Kirkpatrick: I want to hear audience comments and questions, but I just want to ask one last question to try to maybe ask the same question again. I mean, the threat is Balkanization, really. That the Internet itself no longer is a whole and gets fragmented. And there’s something fundamentally idealistic about the structure that ICANN has today which flows from American values. I think that would be almost universally agreed.
Meanwhile, the moral high ground of American values has been seriously impaired by not just the Snowden thing. You could argue the drones and a bunch of other things. Even the way we consume energy, if you really wanted to get into it. I don’t think the U.S. increasingly has the moral high ground.
Swinehart: That’s true.
Kirkpatrick: So if the ICANN model with its sort of American idealism is going to survive, what do you think has to happen? I mean, how optimistic are you that it can survive?
Swinehart: I am actually quite optimistic. I think that the interest is really to try to maintain the mechanisms by which the Internet has functioned, which is a decentralized mechanism. I think it was touched upon earlier that has led to the opportunities of the disruptive technologies and other items that are coming to fore today. And so I think it is feasible to keep this going and to keep that enabled. But primarily not so much based on the principles and values of which it all started from, but because of the reliance of users on it.
Kirkpatrick: Because the economic value is so great at this point.
Swinehart: The economic value, and we’re looking at health opportunities and educational opportunities around the world. And from that perspective, that then becomes an important part of economic growth and social values for our countries.
Kirkpatrick: Do countries like Russia and China get that, though?
Swinehart: They get economic growth and value.
Kirkpatrick: But do they get that logic that you just said?
Swinehart: They do, yeah. I would suspect. You would have to ask the Chinese.
Kirkpatrick: I’m glad you think so.
Who has a comment or question about ICANN? Back in the back there. Please identify yourself. Oh, it’s Jody.
Westby: Jody, yeah. Jody Westby, Global Cyber Risk.
First of all, David, you’re dreaming if you think the Internet is this open-wavy, unregulated thing, because it’s highly regulated today. Second is, the ITU has never asked for regulation of the Internet. They don’t want it. They didn’t ask for it when they were doing the telecom regulation treaty.
Kirkpatrick: And you have advised them. So you should reveal that, right?
Westby: I haven’t advised them, but I deal with them closely.
Kirkpatrick: You deal with them very closely, yeah.
Westby: The issue at that session was about nonbinding resolutions, that the U.S. government decided to make such a big deal about that it refused to sign this treaty. Got others to join. Doesn’t have anything to do with the real parts of the treaty, and they can still sign. So that’s—the ITU hasn’t asked for ICANN.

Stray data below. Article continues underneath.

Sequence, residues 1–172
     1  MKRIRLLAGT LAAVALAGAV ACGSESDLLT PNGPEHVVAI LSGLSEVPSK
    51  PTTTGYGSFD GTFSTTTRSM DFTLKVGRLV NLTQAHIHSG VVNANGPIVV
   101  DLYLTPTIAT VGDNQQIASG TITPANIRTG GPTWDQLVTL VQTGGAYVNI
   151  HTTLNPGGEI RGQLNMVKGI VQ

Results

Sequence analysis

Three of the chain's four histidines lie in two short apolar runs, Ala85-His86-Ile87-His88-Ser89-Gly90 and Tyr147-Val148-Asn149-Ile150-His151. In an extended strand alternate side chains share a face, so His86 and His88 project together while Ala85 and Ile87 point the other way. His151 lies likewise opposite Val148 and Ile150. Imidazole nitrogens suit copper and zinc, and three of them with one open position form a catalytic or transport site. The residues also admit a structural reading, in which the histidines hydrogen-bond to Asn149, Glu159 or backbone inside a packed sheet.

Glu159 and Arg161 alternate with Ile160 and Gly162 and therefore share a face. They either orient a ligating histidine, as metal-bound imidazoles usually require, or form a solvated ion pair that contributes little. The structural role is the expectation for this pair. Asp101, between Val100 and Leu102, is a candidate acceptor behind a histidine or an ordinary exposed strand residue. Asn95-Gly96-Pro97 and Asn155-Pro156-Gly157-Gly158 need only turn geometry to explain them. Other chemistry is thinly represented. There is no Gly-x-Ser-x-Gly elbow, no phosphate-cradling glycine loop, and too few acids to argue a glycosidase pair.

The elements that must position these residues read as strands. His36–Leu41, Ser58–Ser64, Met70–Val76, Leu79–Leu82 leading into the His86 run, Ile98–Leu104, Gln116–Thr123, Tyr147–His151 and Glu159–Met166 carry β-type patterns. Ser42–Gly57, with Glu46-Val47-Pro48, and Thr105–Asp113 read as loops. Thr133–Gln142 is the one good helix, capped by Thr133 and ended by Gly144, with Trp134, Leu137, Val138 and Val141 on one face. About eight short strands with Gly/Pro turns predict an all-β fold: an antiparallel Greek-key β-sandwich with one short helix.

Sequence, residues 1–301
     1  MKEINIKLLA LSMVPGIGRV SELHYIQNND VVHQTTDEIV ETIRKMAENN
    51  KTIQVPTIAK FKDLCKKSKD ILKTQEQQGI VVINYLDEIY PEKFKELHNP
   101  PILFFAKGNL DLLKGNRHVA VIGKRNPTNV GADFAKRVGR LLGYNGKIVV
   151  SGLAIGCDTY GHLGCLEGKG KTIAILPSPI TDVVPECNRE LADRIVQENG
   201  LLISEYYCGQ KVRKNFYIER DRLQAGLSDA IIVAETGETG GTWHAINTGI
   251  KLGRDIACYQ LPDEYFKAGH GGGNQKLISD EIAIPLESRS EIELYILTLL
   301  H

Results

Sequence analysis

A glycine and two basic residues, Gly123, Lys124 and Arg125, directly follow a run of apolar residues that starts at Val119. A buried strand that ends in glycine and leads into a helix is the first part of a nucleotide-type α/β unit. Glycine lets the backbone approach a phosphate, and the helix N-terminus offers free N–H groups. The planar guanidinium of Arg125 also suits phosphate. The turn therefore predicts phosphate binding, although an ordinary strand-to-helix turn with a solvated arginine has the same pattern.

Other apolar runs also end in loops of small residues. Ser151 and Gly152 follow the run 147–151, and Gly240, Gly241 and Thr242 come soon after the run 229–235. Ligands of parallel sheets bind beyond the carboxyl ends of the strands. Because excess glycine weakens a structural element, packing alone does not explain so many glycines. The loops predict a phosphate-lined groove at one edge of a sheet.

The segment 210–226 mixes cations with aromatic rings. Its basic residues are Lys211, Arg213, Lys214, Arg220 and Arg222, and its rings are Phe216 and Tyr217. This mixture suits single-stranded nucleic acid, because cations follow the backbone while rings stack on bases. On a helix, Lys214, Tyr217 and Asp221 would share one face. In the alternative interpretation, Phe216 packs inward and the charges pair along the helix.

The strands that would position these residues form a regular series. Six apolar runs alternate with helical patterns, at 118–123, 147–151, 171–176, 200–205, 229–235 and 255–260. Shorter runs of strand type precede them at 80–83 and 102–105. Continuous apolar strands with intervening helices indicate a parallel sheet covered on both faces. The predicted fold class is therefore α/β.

The real part about ICANN is its relationship with the U.S. Department of Commerce and IANA. And that is the number and naming system, and that is the part that people say is critical to our national security. Recently, there was this incredible statement that ICANN joined which said, basically, maybe we need to break away from IANA, and that was pretty amazing. And it was in part, I think, because of the Snowden thing.
So I would really like to hear what you would have to say about how does ICANN view IANA, and is that really a national security issue? How do you break away from, well, you started by the U.S. government? You still have this contract with the U.S. government. But can you get away from it and are people saying to you this is a national security issue?
Kirkpatrick: Quickly define IANA for everyone in the audience.
Westby: Internet address naming numbering systems, something like that.
Kirkpatrick: Which is administered by the Department of Commerce. Is that what you said?
Kirkpatrick: This gets complicated. Go ahead.
Swinehart: It is the contract with the U.S. Department of Commerce that enables the policies to be developed around IP addressing and domain names and all of that.
And I think you touch on an important point. I mean, in the early stages, the relationship between ICANN and the Department of Commerce and in relation to the IANA function was quite different. You had, you know, an MOU relationship in all of that. That evolved over time to what was called a joint project agreement. And then it evolved into an affirmation of commitments and all of that.
So I think you’re seeing an evolution over time on how to address many of these concerns, and the statement that you allude to, I refer to as the Montevideo Statement, that had come out of a meeting among many of the Internet-related organizations, is yet the next stage in looking at this process. It’s not something that happens overnight. But it is—it’s been a very progressive and very rapidly progressing—
Kirkpatrick: But is it a way of slightly distancing them from the more Americanism of the whole?—
Swinehart: Looking at some of the issues on how to deal with that, yes.
Kirkpatrick: Jody, can I just quickly ask you, because you’re so involved in security, do you worry about the Balkanization of the Internet as a fundamental threat to global economic health and commerce and communications, real fast?